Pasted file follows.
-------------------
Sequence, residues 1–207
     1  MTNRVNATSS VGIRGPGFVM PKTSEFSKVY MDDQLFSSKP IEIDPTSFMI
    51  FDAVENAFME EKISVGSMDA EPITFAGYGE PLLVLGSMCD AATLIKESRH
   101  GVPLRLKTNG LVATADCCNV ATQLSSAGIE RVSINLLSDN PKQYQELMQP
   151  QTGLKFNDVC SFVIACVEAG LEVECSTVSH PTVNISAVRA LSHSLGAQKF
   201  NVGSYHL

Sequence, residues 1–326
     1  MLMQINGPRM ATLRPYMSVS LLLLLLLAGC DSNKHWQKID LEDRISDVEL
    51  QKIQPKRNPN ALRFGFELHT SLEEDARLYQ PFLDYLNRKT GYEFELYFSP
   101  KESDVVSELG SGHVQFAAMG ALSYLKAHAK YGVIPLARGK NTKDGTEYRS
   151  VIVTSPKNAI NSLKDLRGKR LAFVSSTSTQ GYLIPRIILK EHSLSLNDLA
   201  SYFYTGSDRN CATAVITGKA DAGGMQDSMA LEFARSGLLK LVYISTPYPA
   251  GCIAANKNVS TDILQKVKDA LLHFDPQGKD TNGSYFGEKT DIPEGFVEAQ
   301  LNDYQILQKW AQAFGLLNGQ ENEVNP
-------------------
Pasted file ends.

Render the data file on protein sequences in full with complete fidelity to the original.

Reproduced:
Sequence, residues 1–207
     1  MTNRVNATSS VGIRGPGFVM PKTSEFSKVY MDDQLFSSKP IEIDPTSFMI
    51  FDAVENAFME EKISVGSMDA EPITFAGYGE PLLVLGSMCD AATLIKESRH
   101  GVPLRLKTNG LVATADCCNV ATQLSSAGIE RVSINLLSDN PKQYQELMQP
   151  QTGLKFNDVC SFVIACVEAG LEVECSTVSH PTVNISAVRA LSHSLGAQKF
   201  NVGSYHL

Sequence, residues 1–326
     1  MLMQINGPRM ATLRPYMSVS LLLLLLLAGC DSNKHWQKID LEDRISDVEL
    51  QKIQPKRNPN ALRFGFELHT SLEEDARLYQ PFLDYLNRKT GYEFELYFSP
   101  KESDVVSELG SGHVQFAAMG ALSYLKAHAK YGVIPLARGK NTKDGTEYRS
   151  VIVTSPKNAI NSLKDLRGKR LAFVSSTSTQ GYLIPRIILK EHSLSLNDLA
   201  SYFYTGSDRN CATAVITGKA DAGGMQDSMA LEFARSGLLK LVYISTPYPA
   251  GCIAANKNVS TDILQKVKDA LLHFDPQGKD TNGSYFGEKT DIPEGFVEAQ
   301  LNDYQILQKW AQAFGLLNGQ ENEVNP